The way to beat psoriasis is to outmaneuver it. We can’t cure it altogether, but we can work with you to minimize its impact on your life.

Condition and Causes

Psoriasis occurs when your immune system mistakenly activates white blood cells (T cells) that cause skin cells to grow too quickly. When these excess cells stack up on the skin’s surface the result is psoriasis.

In order to develop psoriasis, you have to A) inherit a specific mix of genes and B) experience a trigger. Stress, winter weather, strep throat, a bad sunburn, or a scratch could be your trigger. Lithium, some blood pressure medications, and some medications to prevent malaria can be triggers, too. Caucasian people get psoriasis more often than others.

Psoriasis is not contagious, but it is a chronic condition without a definitive cure. Psoriasis can take many forms:

Patches of raised, reddish skin covered by silvery white scales. It often forms on the elbows, knees, and lower back, but it can occur anywhere on the skin. Approximately 80 percent of those with psoriasis have this form.

This has the same appearance as plaque psoriasis, but it appears on the scalp and tends to be very itchy.

What begins as tiny pits in the fingernails or toenails may eventually cause the nails to loosen, thicken, and crumble.

Characterized by small, red spots on the skin, this type often appears after a sore throat and may clear up on its own after a few weeks or a few months. Guttate psoriasis usually occurs in children and young adults, many of whom never have psoriasis symptoms again.

White, pus-filled bumps surrounded by red skin usually appear on the palms of the hands and soles of the feet. When pustular psoriasis develops all over the body, it can lead to a severe and sometimes life threatening condition called generalized pustular psoriasis.

Smooth, red patches form where skin touches skin in the armpit, under the breasts, in the crease of the buttocks, and in the genital area. This condition can be painful.

Extreme redness and shedding of the skin over a large portion of the body, accompanied by severe itching and pain. This is the least common type of psoriasis and may be life threatening.


There are many options for treating psoriasis. We will discuss these in detail with you, analyze your condition, and work with you to develop a treatment plan that delivers optimal relief with minimal disruption of your lifestyle.

Mild to moderate psoriasis can often be controlled with one or more medications applied directly to the skin.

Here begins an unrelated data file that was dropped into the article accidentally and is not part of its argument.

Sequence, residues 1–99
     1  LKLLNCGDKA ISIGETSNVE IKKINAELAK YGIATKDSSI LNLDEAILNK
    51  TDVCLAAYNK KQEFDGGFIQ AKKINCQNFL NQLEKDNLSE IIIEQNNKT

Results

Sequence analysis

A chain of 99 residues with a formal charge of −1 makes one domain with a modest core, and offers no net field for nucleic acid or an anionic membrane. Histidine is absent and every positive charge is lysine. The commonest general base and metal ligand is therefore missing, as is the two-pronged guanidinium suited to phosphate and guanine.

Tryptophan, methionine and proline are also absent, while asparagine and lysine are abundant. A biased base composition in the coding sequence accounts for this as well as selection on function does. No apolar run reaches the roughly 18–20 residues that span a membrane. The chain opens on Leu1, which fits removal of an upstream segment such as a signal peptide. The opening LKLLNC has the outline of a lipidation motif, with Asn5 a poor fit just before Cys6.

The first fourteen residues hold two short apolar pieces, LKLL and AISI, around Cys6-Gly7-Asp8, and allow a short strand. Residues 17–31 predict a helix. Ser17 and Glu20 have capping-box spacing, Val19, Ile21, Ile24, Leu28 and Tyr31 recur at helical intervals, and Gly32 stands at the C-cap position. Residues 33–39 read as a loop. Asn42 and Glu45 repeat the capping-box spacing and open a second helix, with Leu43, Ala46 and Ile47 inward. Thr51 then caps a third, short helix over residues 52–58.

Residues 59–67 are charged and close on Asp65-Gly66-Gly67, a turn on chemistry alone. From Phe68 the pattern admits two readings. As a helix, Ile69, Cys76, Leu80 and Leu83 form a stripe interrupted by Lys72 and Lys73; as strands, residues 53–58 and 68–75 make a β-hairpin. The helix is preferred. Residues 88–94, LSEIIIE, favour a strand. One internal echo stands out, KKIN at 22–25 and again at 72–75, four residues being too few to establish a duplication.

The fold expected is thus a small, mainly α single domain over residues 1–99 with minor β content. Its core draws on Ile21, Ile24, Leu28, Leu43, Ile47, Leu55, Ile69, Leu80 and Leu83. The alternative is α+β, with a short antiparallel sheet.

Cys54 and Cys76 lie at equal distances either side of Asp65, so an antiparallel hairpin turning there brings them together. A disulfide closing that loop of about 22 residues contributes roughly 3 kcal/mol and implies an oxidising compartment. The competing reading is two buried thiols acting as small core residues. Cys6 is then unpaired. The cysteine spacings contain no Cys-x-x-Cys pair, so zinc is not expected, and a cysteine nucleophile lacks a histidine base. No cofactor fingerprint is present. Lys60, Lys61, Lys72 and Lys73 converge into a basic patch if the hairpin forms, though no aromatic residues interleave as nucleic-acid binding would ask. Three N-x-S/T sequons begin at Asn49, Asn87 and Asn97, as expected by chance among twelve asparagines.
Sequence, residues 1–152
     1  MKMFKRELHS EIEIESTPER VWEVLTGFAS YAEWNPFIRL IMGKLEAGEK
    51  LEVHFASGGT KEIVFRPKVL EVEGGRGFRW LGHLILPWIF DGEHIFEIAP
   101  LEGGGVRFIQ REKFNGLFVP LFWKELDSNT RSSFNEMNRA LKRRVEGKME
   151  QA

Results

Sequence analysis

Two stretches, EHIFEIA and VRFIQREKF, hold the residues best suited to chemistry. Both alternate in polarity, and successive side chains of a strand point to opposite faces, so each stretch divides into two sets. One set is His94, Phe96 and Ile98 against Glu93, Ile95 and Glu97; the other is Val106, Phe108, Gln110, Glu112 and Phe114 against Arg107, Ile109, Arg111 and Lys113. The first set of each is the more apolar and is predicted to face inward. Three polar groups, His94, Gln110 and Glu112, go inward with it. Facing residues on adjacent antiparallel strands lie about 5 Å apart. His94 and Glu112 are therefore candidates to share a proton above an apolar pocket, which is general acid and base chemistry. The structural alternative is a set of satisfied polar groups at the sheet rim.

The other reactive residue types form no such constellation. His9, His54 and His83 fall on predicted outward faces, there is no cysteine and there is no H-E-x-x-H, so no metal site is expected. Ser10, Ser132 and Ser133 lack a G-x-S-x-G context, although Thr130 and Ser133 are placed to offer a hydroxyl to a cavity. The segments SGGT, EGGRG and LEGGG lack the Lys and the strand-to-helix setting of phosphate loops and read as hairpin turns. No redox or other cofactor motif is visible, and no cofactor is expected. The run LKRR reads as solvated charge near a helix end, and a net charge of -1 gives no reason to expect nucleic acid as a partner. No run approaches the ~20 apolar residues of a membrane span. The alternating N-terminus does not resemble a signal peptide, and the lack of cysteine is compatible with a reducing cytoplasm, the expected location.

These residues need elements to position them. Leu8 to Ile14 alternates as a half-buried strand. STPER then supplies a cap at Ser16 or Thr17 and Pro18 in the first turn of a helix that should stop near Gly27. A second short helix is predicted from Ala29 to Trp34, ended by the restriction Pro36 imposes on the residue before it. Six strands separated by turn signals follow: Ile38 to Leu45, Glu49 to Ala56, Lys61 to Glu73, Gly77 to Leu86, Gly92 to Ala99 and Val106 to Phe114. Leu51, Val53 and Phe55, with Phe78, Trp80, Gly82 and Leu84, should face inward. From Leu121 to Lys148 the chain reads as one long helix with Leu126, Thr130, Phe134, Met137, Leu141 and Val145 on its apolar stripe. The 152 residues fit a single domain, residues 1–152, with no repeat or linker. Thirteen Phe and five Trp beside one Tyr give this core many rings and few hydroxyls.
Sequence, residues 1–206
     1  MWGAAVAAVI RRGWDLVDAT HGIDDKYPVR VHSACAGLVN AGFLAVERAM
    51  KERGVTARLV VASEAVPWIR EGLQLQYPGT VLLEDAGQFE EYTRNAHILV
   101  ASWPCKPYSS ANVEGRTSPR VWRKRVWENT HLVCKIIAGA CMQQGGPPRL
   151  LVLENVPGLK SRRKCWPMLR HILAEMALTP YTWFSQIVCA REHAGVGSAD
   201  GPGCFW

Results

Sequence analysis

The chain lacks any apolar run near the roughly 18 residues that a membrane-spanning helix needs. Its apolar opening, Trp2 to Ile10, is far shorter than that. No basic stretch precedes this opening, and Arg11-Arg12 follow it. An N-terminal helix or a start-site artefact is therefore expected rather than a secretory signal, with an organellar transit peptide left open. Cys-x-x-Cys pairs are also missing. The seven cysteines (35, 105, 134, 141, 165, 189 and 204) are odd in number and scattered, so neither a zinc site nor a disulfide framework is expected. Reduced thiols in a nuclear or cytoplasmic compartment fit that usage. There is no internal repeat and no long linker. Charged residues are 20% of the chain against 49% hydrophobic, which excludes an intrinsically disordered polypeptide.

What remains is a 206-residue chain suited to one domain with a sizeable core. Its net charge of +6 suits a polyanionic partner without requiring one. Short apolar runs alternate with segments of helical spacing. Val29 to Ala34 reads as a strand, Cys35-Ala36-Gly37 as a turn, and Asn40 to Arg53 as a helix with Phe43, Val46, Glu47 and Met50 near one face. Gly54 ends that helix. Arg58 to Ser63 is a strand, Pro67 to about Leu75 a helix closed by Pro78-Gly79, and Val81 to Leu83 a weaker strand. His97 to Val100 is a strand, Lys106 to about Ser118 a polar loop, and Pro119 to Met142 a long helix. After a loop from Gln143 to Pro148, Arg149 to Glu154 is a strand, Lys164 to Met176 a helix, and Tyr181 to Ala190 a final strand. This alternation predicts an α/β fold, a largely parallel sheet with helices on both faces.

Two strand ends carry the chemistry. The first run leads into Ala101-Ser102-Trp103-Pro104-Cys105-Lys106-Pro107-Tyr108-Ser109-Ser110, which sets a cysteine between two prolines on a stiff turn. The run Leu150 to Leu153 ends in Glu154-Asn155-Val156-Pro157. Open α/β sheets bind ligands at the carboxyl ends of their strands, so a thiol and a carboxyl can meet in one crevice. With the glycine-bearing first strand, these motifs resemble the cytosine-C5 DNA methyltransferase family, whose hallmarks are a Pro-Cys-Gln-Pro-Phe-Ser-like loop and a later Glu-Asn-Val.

A series of light treatments is a safe and effective option for patients who have the time and whose skin is not too sensitive. Laser therapy, ultraviolet B (UVB) light, and ultraviolet A (UVA) light combined with a light-sensitizing agent are among the most effective options.

Taken orally or by injection, these medications work throughout the body to treat moderate to severe psoriasis by decreasing the rate of skin cell growth. Some work by suppressing the immune system. All require close monitoring.

Regular injections or infusions of biologics over a period of weeks or months can often diminish the symptoms of moderate to severe psoriasis. Biologics are considered a safer option for long-term treatment.

How to Reduce Flare-Ups

There is no cure for psoriasis, but early intervention, active treatment, and careful management can be effective in controlling signs, symptoms, and progress of the condition.

  1. Avoid triggers

    Educate yourself about known triggers and those that seem to affect you.

  2. Document your flare-ups

    Record stressful events and incidents of damage to your skin to learn what might trigger a flare-up.

  3. Practice a healthy lifestyle

    Eat a balanced diet, drink lots of water, exercise regularly, and get plenty of sleep.

  4. Do not smoke

    Smoking may trigger an outbreak and aggravate existing psoriasis.

  5. Limit alcohol

    Heavy drinking may trigger a flare-up and diminish the effectiveness of treatment.

  6. Reduce stress

    Engage in activities that keep you calm: exercise, massage, therapy, counseling, support group participation, etc.

  7. Take care of your skin

    Keep skin soft with emollients and moisturizers. Wear cotton clothing next to your skin to avoid irritation and overheating. Practice good sun safety. Take short showers using warm (not hot) water. Use fragrance-free cleansers. Pat your skin dry, instead of rubbing it. Moisturize generously, especially after bathing.

  8. Avoid scratching, rubbing, or irritating the skin

    Help fight the temptation to scratch by using cold compresses, applying a menthol-based ointment or topical steroid, or soaking in an oatmeal bath.

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Congratulations to Dr. Trizna on his upcoming retirement July 19!